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6 Good Reasons to Adopt Edge Computing

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Every situation is unique. What is clear, however, is that a balance between cloud and edge computing will likely drive tomorrow’s IoT architecture.

Why should companies consider edge computing as a technology strategy? Edge introduces its own forms of complexity to information architectures, but at the same time, helps bring greater speed and security to the large complex hairballs that today’s computing environments have become.

That’s the word from Deloitte, which makes the case for edge in a new report, which cites a number of advantages to moving processing and data to the edge. As much as 55 percent of IoT data could soon be processed near the source, either on the device or through edge computing, the report’s authors, Ken Carroll and Mahesh Chandramouli, both with Deloitte, state.

See also: Moving Targets: Defining the Edge and Its Architecture

There are a number of advantages organizations can realize as they move toward edge computing, Carroll and Chandramouli state. They point to no less than six benefits that can be seen from edge deployments:

1) Latency: This is perhaps the most compelling use case. “Having the smallest possible latency between data generation and the decision or action can be critical to preserve an organization’s agility,” Carroll and Chandramouli point out. “Because data can become essentially valueless after it is generated, often within milliseconds, the speed at which organizations can convert data into insight and then into action is generally considered mission-critical. In a cloud-only world, the data ends up traveling hundreds or even thousands of miles, so where latency is critical to a solution, edge computing can become key.”

2) Bandwidth availability and use: While bandwidth has been amped up significantly in recent years, this still is not keeping up with the enormous volume of data now surging through networks. “Bringing processing closer to the source of the data could help equalize the equation – local processing (including compression, filtering, and prioritization) can help make effective and efficient use of the available bandwidth.”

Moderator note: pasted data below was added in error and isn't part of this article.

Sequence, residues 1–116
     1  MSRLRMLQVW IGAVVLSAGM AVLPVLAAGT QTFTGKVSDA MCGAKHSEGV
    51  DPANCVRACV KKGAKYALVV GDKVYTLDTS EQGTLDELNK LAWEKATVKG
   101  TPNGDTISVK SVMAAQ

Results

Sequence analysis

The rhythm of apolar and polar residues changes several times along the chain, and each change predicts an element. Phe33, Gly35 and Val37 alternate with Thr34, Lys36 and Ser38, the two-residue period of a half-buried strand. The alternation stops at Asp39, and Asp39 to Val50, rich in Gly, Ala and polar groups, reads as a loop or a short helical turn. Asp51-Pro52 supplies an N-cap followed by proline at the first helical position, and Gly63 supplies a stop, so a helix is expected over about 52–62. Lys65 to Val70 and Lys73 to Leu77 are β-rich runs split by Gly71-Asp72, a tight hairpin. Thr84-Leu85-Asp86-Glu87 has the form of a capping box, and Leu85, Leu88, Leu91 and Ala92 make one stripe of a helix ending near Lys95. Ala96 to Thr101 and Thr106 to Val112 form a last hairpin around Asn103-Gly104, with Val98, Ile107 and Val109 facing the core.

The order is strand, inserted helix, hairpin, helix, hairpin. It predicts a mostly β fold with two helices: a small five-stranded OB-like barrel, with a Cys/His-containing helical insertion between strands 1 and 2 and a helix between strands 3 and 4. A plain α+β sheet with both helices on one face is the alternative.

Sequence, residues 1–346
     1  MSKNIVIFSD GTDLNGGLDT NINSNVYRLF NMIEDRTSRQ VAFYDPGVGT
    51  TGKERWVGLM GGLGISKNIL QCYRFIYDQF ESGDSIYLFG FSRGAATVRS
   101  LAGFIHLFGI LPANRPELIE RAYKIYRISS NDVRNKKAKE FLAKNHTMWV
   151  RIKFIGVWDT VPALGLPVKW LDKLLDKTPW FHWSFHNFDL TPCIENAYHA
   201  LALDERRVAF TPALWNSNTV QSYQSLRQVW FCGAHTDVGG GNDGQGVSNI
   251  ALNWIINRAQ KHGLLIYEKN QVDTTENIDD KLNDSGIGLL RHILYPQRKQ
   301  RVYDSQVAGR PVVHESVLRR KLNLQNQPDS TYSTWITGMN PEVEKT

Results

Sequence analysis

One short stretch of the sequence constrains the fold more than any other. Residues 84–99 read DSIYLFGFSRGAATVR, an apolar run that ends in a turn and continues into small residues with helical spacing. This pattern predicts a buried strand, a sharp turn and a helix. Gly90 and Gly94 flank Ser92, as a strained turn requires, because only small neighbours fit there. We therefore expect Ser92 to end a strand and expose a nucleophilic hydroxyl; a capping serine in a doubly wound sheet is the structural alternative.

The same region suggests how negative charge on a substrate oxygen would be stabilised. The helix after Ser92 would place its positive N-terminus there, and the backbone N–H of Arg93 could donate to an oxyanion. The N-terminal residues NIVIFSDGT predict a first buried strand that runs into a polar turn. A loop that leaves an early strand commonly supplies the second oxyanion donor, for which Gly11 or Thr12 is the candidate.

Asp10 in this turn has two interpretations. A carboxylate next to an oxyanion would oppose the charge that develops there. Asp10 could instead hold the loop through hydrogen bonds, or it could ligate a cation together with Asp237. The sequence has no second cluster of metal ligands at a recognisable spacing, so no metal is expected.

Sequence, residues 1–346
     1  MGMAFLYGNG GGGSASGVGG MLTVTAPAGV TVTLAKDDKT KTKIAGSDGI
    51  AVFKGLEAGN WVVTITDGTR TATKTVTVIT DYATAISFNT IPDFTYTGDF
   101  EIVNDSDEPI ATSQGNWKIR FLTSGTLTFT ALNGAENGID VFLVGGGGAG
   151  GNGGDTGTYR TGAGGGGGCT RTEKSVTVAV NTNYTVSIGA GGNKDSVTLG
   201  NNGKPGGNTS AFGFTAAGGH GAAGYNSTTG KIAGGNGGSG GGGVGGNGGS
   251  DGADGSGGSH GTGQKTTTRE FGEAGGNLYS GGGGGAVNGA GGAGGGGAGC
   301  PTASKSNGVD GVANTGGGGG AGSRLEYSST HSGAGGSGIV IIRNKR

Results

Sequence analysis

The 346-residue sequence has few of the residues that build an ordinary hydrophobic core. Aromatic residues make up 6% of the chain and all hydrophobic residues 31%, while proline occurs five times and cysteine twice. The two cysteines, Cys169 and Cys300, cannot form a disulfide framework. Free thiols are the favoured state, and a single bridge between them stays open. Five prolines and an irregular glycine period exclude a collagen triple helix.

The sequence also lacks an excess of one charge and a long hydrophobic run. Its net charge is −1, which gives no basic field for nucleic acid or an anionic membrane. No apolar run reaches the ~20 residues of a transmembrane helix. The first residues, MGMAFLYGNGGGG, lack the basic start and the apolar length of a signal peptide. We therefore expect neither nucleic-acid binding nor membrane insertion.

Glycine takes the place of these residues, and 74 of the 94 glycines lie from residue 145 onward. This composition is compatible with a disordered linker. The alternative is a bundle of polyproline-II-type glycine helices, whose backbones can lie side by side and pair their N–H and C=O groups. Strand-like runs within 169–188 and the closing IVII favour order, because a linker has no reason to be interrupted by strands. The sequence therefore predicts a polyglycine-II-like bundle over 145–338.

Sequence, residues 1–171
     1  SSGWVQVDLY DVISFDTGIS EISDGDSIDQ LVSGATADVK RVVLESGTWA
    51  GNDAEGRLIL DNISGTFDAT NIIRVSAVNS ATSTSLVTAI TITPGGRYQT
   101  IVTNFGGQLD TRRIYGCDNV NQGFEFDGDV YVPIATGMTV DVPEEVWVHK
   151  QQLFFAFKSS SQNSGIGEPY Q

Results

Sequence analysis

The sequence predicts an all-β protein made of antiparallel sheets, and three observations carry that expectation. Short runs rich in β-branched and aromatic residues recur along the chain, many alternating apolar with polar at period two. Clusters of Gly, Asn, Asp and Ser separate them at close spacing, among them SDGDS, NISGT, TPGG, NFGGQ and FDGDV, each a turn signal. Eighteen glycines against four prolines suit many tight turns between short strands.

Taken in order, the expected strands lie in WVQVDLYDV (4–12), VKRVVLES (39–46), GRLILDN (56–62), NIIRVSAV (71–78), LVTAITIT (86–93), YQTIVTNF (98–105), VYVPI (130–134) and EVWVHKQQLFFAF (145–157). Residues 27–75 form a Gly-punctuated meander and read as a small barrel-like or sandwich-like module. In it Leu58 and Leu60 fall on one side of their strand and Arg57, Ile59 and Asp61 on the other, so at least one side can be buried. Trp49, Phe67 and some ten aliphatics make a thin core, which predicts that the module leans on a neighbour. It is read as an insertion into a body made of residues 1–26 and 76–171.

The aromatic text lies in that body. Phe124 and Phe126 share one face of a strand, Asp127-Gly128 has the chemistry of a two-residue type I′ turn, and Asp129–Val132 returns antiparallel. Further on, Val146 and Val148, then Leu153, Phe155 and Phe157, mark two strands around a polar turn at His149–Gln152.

3) Avoiding interruptions in connectivity: Many IoT devices and systems have local processing and storage capabilities, and therefore do not require wider connectivity. In addition, not everyone has access to stable network connections, and events such as storms could disrupt connectivity. “Having functionality at the edge can help ensure that applications are not disrupted when network connectivity issues occur,” the Deloitte authors state.

4) Security and privacy: Then, there’s the inherent security in distributing data across scattered locations, as well as maintaining data locally rather than sending it over networks. “Using a form of hub-and-spoke cloud/edge architecture can help localize or compartmentalize device secrets into multiple nodes, rather than storing all of them in one place, thereby helping to improve security.”

5) Data normalization and filtering: Many IoT devices and systems generate enormous streams of data, which puts tremendous loads on networks and centralized systems as they are transported. Localized devices can be programmed to filter out relevant data to pass along to the network. In addition, many devices also have their own data protocols, which may be difficult to manage from centralized locations. “Data normalization or homogenization at the edge is often coupled with filtering and other data compression functions, thereby also helping to make more efficient use of available bandwidth.”

6) Simpler, cheaper devices: It’s often expensive to use up computing cycles in centralized locations. “Gateways and edge server enable simpler, cheaper devices as data storage and processing are transferred to the gateway or edge server, instead of embedding them in the sensor or device,” Carroll and Chandramouli point out.

There is no right way to implement a mix of edge and centralized computing, and the Deloitte co-authors do not discount the costs and complexities of maintaining networks of edge devices. “Edge processing is highly distributed and often includes far-flung or difficult-to-access locations, including sensors/actuators and gateways in offices, plants, at campuses, on pipelines, and in various remote field sites,” they state. “All these edge nodes have firmware, operating systems, some form of virtualization and containers, and software installed, some of which are provided by manufacturers and some by solution providers.”

Still, the benefits are seen in terms of latency, scalability, and increased access to information may likely outweigh the complexities in maintaining edge systems. “An IoT solution should be only as simple as it needs to be, and no simpler,” Carroll and Chandramouli state. “Conversely, it should be only as complex as it needs to be and no more complex. These seemingly straightforward, yet essential points can make a difference in the success of a solution. Every situation is unique. What is clear, however, is that a balance between cloud and edge computing will likely make up tomorrow’s IoT architecture.”

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About Joe McKendrick

Joe McKendrick is RTInsights Industry Editor. He is a regular contributor to Forbes on digital, cloud and Big Data topics. He served on the organizing committee for the recent IEEE International Conference on Edge Computing (full bio). Follow him on Twitter @joemckendrick.

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